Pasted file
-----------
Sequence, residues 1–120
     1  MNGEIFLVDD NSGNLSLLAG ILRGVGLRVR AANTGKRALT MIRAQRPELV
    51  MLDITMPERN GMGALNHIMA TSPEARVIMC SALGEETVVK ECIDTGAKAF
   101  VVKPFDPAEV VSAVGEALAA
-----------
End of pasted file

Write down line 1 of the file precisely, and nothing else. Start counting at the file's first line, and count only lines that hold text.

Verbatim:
Sequence, residues 1–120